Initially, Dave was a “nuke” before he became a Navy diver and was stationed on board USS Proteus (AS 19), and served in a staff billet at Navy First Class Dive School, Washington Navy Yard before the function was transferred to NDSTC by 1980. He was also stationed at Naval Medical Research Institute, Bethesda, Maryland, MV Seaforth Clansman with the British Ministry of Defense diver exchange program, USS Ortolan (ASR 22) as a saturation diver, and the Submarine Development Group One, where he worked deep submergence operations support. Finally, he worked at the Navy Experimental Diving Unit (NEDU) located onboard NSA PC in Panama City, Florida, where he served as an unmanned test director and unlimited dive supervisor. Of all the wide range of experiences Dave had throughout his 20 years of Navy diving, he fondly recalls his work as a research subject between 1984 and 1987 at the Naval Medical Research Institute.
“What made this job so memorable for me was the testing and understanding the limits of physiological and psychological limitations for extended underwater missions,” said Dave.
Today, Dave reflects on what being a Navy diver has meant to him.
“To be part of a long legacy of Navy divers, conducting work under extraordinarily difficult conditions was very rewarding,” he said. “On many occasions during my career, I reflected on how much I enjoyed the work and camaraderie, ultimately leading to a full career in this field.”
Today, Dave continues to support his dive community but these days it's as a federal civil servant working on EOD systems at NSWC PCD, which is a research, development, test and evaluation facility. Over the years, he has not only watched the base grow into a military dive hub, he has been a major part of it.
“Certainly, in our local community, Navy divers are well known and are hopefully well regarded,” said Dave. “Panama City has been the hub of Navy dive training since 1980 when NDSTC opened, and with the Navy Experimental Diving Unit (NEDU) being here since 1970.”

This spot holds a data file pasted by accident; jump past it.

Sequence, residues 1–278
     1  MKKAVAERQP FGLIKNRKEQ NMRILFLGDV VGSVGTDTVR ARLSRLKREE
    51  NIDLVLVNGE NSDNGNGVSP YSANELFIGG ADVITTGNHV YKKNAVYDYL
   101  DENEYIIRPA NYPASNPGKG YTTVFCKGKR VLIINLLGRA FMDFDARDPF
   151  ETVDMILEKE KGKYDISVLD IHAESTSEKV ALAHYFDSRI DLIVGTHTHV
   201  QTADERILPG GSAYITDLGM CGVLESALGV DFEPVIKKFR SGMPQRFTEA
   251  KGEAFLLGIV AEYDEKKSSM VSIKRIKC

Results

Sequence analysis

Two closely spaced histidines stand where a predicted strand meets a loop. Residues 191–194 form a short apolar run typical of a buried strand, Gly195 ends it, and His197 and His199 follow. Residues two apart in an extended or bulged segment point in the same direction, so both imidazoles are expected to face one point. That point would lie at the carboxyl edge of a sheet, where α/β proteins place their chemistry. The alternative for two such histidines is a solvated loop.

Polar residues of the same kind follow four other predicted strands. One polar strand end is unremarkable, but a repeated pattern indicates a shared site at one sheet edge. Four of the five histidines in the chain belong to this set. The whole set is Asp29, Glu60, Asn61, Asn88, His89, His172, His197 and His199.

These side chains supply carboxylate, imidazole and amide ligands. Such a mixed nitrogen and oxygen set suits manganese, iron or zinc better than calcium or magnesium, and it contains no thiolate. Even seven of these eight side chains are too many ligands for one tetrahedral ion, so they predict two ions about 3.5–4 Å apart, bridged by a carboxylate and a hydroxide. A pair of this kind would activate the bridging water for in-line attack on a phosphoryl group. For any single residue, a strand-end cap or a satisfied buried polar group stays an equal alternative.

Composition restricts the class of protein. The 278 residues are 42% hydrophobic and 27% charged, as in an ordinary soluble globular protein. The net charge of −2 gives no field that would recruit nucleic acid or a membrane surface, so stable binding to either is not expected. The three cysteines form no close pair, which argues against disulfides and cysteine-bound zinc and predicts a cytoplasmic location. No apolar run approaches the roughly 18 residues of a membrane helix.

Military divers have been stationed or trained at the Navy base for almost 60 years when divers worked at the base – then called the Mine Defense Laboratory – on mine countermeasures, and diving and life support programs. Those programs have endured and are now supported by NSWC PCD where Dave Junker is employed working engineering and system development for EOD and diving.
“For many divers, Bay County feels like your hometown because at some point, we've all come through the dive school for training,” said Jason. “Small, specialized communities, like EOD or divers, tend to go unnoticed most of the time to the public. Panama City and Panama City Beach are unique in that they are exposed to such a large number of men and women divers from all services and Department of Defense (DOD) organizations. The local public seems to recognize the work and sacrifice that the diving community has made and has supported our service members extremely well.”
At NDSTC, Junker is responsible for all NDSTC training courses for each branch of service, foreign national and interagency programs. Annually, NDSTC trains more than 1,300 students in various subjects in all ranks.
Specifically, NDSTC houses 23 certified diver life support systems, which include six hyperbaric recompression chambers, two diving simulation facilities capable to 300 ft, an aquatics training facility which is the second largest pool in the U.S., a submarine lock-out trunk and two 133-feet Yard Diving Tenders (YDT) for open, ocean-diving support with recompression chambers and mixed gas diving capabilities.
"Jason Junker is a tribute to Panama City. He grew up in this city and graduated from Bay High School,” said NDSTC Commanding Officer Cmdr. Hung Cao, U.S. Navy. “Today, he is not only walking in his father's footsteps but he is also the training officer responsible for developing the next generation of divers."
NDSTC students are trained in basic gas laws, diving medicine, recompression chamber operations, salvage mathematics, and salvage operations. The schoolhouse is the largest diving facility in the world and it trains military divers from all services. More than 1,300 students train each year in the 23 courses. Students include candidates for submarine scuba, U.S. Navy deep sea divers, Seabee underwater construction divers, joint service diving officers, explosive ordnance disposal (EOD) divers, diving medical technicians, diving medical officers, U.S. Army engineer divers, U.S. Marine Corps combatant divers, U.S. Coast Guard divers, and U.S. Air Force pararescue operators and combat controllers. A limited number of U.S. law enforcement, U.S. government agency and students from allied and coalition nations also train at NDSTC.
By U.S. Navy Jacqui Barker
Naval Surface Warfare Center
Provided through DVIDS